Thousands of subway and bus workers picketed Wednesday outside the Metropolitan Transportation Authority headquarters, escalating a contract dispute between the state-controlled authority and the nation’s largest transport local.
Chanting a barnyard expletive during rush hour in Manhattan, members of Transport Workers Union Local 100 directed ire at MTA chairman and chief executive Pat Foye over an unsettled labor contract that expired May 15. About a half-dozen MTA officers protected the lobby of the headquarters at 2 Broadway.
The pickets, led by union president Tony Utano, jeered an effigy of Foye as “Pat Fraud" from a stage set up in the middle of a street. On stage was a sign with a mock-up of Foye's head photoshopped onto the body of Woody from the “Toy Story” franchise.
“Another FOYE STORY,” the sign read.
In an email from spokesman Pete Donohue, the union criticized the MTA's "insulting" demands, including what it says is a wage freeze and higher health care costs. He said these are "nickel-and-dim[ing] transit workers."
The union represents about 40,000 MTA workers.
Foye has not confirmed that Donohue's descriptions of the MTA's positions are the contract offers, and Foye has said he won’t negotiate in public.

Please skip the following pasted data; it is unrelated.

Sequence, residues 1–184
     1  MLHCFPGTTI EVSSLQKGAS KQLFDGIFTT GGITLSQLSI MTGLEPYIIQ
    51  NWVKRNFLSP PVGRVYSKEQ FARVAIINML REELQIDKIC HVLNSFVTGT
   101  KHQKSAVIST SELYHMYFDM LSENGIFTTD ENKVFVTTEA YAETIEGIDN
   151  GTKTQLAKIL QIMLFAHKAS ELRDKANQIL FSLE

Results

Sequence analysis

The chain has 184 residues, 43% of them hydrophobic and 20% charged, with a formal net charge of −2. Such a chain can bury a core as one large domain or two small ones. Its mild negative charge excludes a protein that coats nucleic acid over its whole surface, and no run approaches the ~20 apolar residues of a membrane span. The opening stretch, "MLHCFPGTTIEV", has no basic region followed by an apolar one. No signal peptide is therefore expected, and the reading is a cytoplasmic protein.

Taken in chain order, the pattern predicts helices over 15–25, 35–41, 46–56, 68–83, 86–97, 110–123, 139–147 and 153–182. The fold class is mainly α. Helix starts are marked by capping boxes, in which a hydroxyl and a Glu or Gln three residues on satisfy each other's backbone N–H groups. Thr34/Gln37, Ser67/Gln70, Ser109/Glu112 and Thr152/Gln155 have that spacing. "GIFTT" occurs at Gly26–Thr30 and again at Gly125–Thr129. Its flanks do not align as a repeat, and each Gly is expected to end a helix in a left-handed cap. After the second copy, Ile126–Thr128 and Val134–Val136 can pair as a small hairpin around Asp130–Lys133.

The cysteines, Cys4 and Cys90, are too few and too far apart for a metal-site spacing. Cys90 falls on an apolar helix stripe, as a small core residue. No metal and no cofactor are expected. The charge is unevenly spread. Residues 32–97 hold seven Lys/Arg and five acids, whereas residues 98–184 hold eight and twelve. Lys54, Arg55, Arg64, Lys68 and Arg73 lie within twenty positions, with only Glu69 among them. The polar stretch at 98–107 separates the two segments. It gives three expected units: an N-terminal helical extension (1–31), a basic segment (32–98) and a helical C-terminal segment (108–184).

“As Chairman Pat Foye has said on multiple occasions, we are focused on bargaining in good faith with TWU Local 100 and reaching a mutually acceptable contract. Beyond that, we will not negotiate in the press,” MTA Communications Director Tim Minton said in an email Thursday.
The MTA's deficit is expected to grow to almost $1 billion in four years, according to an analysis released last month by the Citizens Budget Commission.
“You don’t have any money? It’s not our damn problem!” Utano shouted from a stage, next to the Bowling Green subway station.
The two sides also disagree over who's at fault for a $418 million increase in overtime last year, with the union blaming the MTA for failing to hire enough workers to fix the system — and the authority faulting unfavorable work rules.
In an email, Nicole Gelinas of the conservative Manhattan Institute, questioned the union’s position in light of the MTA’s deficit, which “makes it highly unrealistic for the TWU to think that it's going to get out of this process without pretty big cost-savings givebacks, hopefully givebacks that they themselves could suggest, based on their knowledge of the system.”
Worker compensation averages about $90,000, she said.
Among the signs at the rally: “You think you hate the MTA? Try working for it!”; “Hell No, Cuomo” — directed at Gov. Andrew M. Cuomo, who controls the MTA; and “DON’T POKE THE BEAR … YOU WILL GET SMACKED,” next to a photo of a hand-in-motion toward Foye’s face.
Utano invoked the specter of a 1966 transit strike that paralyzed New York City.
“Here we go again with a bunch of vicious MTA demands that make 1966 seem tame,” he said.
That work stoppage landed the head of the union in jail.
But it ended in a favorable contract settlement for the union and a fare hike for the public.